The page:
Better Artificial Intelligence Stock: Nvidia vs. SoundHound

Both Nvidia and SoundHound are directly benefiting from the rise of AI. But which is the better stock to buy in July 2024?

Both SoundHound (SOUN -0.25%) and Nvidia (NVDA 4.57%) are direct beneficiaries of AI. One produces the chips necessary to make our AI future possible. The other developed its own proprietary AI platform that could power everything from cars to drive-through windows.

If you want to bet on AI, it would make sense to buy stock in both companies. But some serious differences should guide your investment strategy.

Want maximum growth potential?

If you want maximum growth potential, the clear choice is SoundHound. The math isn’t complicated. SoundHound’s market cap is currently around $1.3 billion. Nvidia’s valuation, meanwhile, is closer to $3 trillion. Simply due to size, SoundHound stock has a much better chance of rising another 1,000% than Nvidia. For its stock to rise 10 times in value, Nvidia would need to add more value than Microsoft, Meta Platforms, Apple, and Amazon combined — and then some. SoundHound, meanwhile, would only need to add 0.3% of Nvidia’s current value.

Put simply, SoundHound’s diminutive size gives it more potential upside than Nvidia. But will SoundHound actually be able to realize that potential upside? One factor works heavily in its favor. And that is SoundHound’s platform relevance to a large number of industries.

At its core, the company’s technology enables sound and voice recognition, plus natural language understanding that allows responses via AI. Imagine ordering food through an AI-powered drive-through, chatting with your car about maintenance issues, or simply selecting a song. You might also want to discuss with your television which shows you should watch next. SoundHound actually has contracts with companies working on these very issues, with a total backlog valued at nearly $700 million — that’s up from around $330 million just a year ago.

For all its potential, SoundHound stock isn’t priced for perfection. Shares trade at a lofty 19 times sales, but revenue growth rates have averaged roughly 60% per year. There’s a good chance double-digit growth rates will be sustained for another decade or more, a future that would make today’s premium valuation look reasonable in hindsight. Emerging tech companies like this typically show a lot of short-term volatility, but patient investors looking for maximum growth potential should like what they see.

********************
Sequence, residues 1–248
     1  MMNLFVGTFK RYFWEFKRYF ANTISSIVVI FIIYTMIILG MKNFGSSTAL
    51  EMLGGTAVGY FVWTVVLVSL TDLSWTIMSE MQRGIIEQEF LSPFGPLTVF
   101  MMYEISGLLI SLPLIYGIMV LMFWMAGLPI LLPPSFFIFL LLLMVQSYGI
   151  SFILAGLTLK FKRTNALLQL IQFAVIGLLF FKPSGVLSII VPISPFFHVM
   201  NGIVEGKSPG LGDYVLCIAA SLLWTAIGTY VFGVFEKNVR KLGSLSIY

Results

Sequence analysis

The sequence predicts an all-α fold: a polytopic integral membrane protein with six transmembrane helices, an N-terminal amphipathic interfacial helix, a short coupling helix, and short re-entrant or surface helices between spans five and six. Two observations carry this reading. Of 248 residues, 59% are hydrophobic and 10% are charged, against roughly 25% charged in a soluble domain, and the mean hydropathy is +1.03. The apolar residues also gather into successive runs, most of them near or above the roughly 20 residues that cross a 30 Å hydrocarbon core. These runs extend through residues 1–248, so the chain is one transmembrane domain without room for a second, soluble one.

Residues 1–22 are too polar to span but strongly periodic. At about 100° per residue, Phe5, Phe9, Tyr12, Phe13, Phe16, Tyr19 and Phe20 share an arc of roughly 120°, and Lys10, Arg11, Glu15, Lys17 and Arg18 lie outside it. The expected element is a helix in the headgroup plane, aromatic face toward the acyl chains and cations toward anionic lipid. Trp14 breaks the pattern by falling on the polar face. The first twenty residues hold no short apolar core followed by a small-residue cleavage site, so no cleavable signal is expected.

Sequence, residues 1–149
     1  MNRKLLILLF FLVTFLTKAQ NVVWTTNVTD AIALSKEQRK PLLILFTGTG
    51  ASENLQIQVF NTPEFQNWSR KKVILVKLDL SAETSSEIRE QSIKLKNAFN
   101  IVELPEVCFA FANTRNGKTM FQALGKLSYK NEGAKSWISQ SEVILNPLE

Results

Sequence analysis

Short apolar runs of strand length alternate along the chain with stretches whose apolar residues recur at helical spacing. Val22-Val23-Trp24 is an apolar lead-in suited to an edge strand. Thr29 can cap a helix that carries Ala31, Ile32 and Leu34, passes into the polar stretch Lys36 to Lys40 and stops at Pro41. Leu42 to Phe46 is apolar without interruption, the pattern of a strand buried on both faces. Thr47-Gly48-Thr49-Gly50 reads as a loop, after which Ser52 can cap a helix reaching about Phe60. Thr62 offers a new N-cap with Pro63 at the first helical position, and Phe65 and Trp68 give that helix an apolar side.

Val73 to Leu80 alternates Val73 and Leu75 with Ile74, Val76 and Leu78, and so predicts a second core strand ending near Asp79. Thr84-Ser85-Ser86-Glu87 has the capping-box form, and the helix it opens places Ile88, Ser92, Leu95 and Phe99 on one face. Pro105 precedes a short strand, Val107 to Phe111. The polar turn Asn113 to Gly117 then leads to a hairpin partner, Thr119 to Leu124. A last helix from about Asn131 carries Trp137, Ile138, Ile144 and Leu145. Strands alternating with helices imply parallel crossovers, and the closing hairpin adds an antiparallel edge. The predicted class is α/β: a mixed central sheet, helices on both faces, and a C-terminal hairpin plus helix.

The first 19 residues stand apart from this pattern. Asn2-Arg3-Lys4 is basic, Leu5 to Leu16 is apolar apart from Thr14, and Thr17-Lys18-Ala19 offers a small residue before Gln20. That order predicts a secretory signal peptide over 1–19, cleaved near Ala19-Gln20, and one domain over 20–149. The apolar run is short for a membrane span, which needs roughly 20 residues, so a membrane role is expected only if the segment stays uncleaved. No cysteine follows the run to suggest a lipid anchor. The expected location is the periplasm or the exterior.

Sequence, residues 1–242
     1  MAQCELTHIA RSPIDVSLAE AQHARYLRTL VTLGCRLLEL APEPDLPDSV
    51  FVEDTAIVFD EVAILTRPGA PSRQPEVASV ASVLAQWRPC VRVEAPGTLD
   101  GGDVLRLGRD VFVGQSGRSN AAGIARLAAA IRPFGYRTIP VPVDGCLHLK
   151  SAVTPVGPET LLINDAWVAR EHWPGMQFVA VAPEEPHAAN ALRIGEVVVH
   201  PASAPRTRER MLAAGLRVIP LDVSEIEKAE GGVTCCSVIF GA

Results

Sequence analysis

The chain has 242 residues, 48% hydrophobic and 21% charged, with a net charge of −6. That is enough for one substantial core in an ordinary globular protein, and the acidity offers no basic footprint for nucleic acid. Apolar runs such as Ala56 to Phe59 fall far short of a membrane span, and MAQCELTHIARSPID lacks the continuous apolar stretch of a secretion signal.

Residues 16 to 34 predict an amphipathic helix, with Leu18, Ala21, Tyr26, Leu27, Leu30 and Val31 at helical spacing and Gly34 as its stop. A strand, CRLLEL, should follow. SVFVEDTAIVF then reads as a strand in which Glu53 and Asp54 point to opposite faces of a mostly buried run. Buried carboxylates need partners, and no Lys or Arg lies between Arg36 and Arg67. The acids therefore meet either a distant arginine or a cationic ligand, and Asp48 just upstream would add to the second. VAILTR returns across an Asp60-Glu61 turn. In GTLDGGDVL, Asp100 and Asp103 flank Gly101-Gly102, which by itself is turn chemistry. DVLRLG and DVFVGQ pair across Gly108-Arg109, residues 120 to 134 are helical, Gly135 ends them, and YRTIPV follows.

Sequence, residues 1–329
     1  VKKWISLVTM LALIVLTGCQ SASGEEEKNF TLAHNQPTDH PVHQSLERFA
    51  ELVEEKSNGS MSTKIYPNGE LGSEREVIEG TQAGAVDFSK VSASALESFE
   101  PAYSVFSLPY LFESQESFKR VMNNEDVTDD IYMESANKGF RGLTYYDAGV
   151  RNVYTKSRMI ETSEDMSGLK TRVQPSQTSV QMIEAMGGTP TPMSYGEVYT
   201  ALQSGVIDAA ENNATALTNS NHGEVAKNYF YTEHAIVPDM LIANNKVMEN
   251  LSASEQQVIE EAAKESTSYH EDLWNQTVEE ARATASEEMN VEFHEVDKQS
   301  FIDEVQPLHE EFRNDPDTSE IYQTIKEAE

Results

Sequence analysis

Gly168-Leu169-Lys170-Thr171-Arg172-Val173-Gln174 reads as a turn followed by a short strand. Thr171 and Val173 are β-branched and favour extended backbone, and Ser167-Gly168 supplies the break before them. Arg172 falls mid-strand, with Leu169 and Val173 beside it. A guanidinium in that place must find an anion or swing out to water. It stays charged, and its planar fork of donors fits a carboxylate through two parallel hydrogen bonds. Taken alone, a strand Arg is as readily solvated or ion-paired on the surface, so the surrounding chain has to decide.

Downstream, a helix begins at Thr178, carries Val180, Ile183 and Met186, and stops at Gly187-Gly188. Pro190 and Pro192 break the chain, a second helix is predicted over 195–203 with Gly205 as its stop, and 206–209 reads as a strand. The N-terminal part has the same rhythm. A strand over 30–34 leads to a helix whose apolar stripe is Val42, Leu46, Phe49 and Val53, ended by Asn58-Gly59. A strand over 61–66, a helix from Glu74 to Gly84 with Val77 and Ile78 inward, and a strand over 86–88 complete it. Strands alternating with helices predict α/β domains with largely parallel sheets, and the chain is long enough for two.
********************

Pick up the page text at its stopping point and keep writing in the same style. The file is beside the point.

SOUN PS Ratio Chart

SOUN PS Ratio data by YCharts

Go all-in on artificial intelligence

Nvidia has very little to prove at this point. Over a very short time span, the company has become the largest AI stock in the world, with a huge percentage of its business dependent on growth in the AI industry.

“Back in fiscal 2022 (which ended in January 2022), Nvidia generated 46% of its revenue from its gaming GPUs, 39% from its data center GPUs, and the rest from its professional visualization, auto, and OEM chips,” explains fellow Fool contributor Leo Sun. Oh, how quickly that breakdown changed. For the first fiscal quarter of 2025, Nvidia generated 87% of its revenue from data center chips and just 13% from everything else, gaming included.

“It generated $22.6 billion in data center revenue in that single quarter compared to its total revenue of nearly $27 billion for all of fiscal 2023,” observes Sun. “That breakneck expansion transformed Nvidia from a more diversified GPU maker to an all-in play on AI chips.”

This all-in approach certainly has its risks. Over the past five years, Nvidia’s valuation has gone from around 10 times sales to nearly 40 times sales. The company’s growth rates — revenue grew by 262% year over year last quarter (Q1 of FY 2025) — have more than justified the rise in its multiple. Yet there’s no denying that Nvidia’s stock price is now dependent on two things. First, a continued massive increase in AI spending. Second, its ability to maintain its dominant market lead.

Over the decades, chip wars have produced many repeat winners and losers. Just check out the long-term price charts of AMD, Intel, and Nvidia. The winners and losers of today don’t necessarily stay that way forever, even if it takes years for the transition to occur. AMD’s MI300 Instinct GPUs are already beating Nvidia’s H100 GPUs on several benchmarks, as are Intel’s Gaudi 3 AI accelerators. Nvidia’s next-generation Blackwell chip is heading into the market as we speak, perhaps stemming the tide of rising rivals.

Make no mistake: Nvidia is still a great investment for those bullish on AI. But if you’re looking for the best bang for your buck, don’t ignore lesser-known stocks like SoundHound.

John Mackey, former CEO of Whole Foods Market, an Amazon subsidiary, is a member of The Motley Fool’s board of directors. Randi Zuckerberg, a former director of market development and spokeswoman for Facebook and sister to Meta Platforms CEO Mark Zuckerberg, is a member of The Motley Fool’s board of directors. Ryan Vanzo has no position in any of the stocks mentioned. The Motley Fool has positions in and recommends Advanced Micro Devices, Amazon, Apple, Meta Platforms, Microsoft, and Nvidia. The Motley Fool recommends Intel and recommends the following options: long January 2025 $45 calls on Intel, long January 2026 $395 calls on Microsoft, short August 2024 $35 calls on Intel, and short January 2026 $405 calls on Microsoft. The Motley Fool has a disclosure policy.

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